When it comes to the Atom’s design, function is king. No other production car puts raw engineering so blatantly on display. It’s easy to admire the depth of Ariel's engineering and detail, even on the company’s more modest models. If you like fabrications, its exoskeletal steel frame is a thing of some beauty.
While the base Ariel Atom models get electric TIG welds in the engine bay, Arch Motors bronze weld all areas of the chassis on the range-topping V8 (which is also demarked from its brethren by gold painted tubing).
Whichever model you buy, everything hangs from this skeleton. Attached to the relatively wide (by specialist car standards) chassis are unequal-length double wishbones front and rear, with pushrods all round activating adjustable coilover spring/damper units. There’s minimal bodywork, which contributes to a relatively small fully-fuelled weight.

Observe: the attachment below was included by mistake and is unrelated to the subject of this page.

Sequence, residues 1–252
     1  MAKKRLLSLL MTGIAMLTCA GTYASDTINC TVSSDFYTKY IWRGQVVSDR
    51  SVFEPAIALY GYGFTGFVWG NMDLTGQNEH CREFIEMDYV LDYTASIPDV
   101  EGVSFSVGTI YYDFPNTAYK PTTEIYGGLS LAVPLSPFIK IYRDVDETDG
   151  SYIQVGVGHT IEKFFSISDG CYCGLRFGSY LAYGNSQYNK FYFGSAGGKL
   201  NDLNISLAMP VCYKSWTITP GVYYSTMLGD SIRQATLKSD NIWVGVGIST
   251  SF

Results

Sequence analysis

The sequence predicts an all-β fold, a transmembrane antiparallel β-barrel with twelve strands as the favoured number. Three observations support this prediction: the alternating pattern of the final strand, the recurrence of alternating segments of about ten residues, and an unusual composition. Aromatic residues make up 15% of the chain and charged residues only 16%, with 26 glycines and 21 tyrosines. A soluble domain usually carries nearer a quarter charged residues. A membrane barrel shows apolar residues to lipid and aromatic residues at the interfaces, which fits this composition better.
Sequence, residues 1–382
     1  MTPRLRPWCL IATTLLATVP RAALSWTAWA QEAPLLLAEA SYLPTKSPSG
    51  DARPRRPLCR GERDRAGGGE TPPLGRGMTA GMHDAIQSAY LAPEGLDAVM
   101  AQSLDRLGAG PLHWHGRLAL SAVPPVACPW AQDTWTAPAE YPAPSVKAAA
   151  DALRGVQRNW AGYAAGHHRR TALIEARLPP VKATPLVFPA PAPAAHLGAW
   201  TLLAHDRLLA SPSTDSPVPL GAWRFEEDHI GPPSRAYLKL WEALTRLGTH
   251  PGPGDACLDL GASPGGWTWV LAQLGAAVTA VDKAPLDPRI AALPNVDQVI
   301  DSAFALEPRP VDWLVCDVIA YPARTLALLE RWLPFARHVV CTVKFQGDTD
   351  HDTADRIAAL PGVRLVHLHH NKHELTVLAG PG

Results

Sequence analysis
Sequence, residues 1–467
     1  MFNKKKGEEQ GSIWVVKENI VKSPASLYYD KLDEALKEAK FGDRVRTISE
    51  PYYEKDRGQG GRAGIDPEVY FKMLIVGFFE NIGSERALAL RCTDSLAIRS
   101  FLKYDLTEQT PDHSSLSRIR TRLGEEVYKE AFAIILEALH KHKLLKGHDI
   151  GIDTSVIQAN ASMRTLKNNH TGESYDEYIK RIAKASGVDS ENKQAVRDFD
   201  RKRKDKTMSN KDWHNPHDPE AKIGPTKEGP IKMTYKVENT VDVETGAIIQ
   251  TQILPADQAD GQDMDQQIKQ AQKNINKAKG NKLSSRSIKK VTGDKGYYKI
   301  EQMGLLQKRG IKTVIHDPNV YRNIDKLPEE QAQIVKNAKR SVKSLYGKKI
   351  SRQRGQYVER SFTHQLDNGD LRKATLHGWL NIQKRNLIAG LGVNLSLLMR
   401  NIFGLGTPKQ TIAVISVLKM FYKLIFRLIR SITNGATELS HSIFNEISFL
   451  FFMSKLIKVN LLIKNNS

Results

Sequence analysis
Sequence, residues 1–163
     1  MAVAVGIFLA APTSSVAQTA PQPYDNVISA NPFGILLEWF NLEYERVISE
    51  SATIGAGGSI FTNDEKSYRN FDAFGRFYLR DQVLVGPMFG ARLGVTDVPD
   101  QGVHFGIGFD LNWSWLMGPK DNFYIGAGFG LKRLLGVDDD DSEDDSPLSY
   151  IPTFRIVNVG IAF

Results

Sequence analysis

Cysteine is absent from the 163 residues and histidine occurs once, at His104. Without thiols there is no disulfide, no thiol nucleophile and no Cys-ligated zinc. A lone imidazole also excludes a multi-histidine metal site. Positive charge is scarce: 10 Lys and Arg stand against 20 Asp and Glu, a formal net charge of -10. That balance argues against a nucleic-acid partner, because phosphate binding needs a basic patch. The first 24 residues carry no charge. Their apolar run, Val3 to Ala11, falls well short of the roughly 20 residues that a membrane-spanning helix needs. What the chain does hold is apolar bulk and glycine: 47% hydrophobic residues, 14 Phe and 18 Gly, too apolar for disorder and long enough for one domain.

There’s joy to be had from admiring what isn’t there, too. The Atom is a minimalist’s dream. Doors? Just finely welded chassis stays. Weather gear? Just the small holes drilled into the seat and floor. Fancy gearlever? Not a bit of it – just a plain, stubby gearstick or diddy wheel-mounted shift paddles that, despite being carbonfibre, are still drilled for lightness. There are two small and surprisingly effective wind deflectors. A windscreen is an option that adds weight, complexity and ugliness. The beauty of the Atom lies in its simplicity.